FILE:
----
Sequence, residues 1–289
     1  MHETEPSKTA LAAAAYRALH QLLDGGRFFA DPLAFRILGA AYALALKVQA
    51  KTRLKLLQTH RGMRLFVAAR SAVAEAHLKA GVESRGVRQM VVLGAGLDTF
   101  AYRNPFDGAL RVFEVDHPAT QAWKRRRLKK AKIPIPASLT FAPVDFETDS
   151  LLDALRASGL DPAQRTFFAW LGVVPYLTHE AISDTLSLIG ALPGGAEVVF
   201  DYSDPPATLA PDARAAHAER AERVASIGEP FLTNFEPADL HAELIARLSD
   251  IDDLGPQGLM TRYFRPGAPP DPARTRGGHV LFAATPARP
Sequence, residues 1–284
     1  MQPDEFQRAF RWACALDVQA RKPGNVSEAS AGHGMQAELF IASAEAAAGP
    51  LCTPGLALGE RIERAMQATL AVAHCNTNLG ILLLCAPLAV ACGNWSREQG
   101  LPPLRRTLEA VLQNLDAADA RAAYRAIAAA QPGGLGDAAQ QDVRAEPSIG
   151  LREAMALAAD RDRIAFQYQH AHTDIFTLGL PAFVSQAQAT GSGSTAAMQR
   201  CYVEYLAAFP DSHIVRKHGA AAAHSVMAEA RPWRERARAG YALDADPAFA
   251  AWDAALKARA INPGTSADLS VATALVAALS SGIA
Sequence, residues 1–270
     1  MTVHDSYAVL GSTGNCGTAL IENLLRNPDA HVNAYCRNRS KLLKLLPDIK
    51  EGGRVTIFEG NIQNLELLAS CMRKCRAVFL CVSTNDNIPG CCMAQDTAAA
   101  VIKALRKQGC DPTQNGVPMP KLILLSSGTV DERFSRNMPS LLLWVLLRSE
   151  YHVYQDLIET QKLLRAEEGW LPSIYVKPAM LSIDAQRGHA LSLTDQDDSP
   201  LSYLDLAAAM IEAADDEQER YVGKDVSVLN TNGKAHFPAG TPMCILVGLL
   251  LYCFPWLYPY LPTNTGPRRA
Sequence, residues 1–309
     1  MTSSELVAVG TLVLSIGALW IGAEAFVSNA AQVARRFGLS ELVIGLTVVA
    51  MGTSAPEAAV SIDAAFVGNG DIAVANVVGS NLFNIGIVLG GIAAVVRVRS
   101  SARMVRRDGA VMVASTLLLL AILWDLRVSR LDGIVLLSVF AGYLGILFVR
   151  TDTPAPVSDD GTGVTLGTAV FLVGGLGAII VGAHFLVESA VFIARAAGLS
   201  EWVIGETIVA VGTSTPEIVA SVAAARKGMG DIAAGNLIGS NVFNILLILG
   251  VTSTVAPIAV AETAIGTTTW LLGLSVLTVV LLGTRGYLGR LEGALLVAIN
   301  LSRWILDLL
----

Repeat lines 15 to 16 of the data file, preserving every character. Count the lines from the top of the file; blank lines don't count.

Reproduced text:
Sequence, residues 1–270
     1  MTVHDSYAVL GSTGNCGTAL IENLLRNPDA HVNAYCRNRS KLLKLLPDIK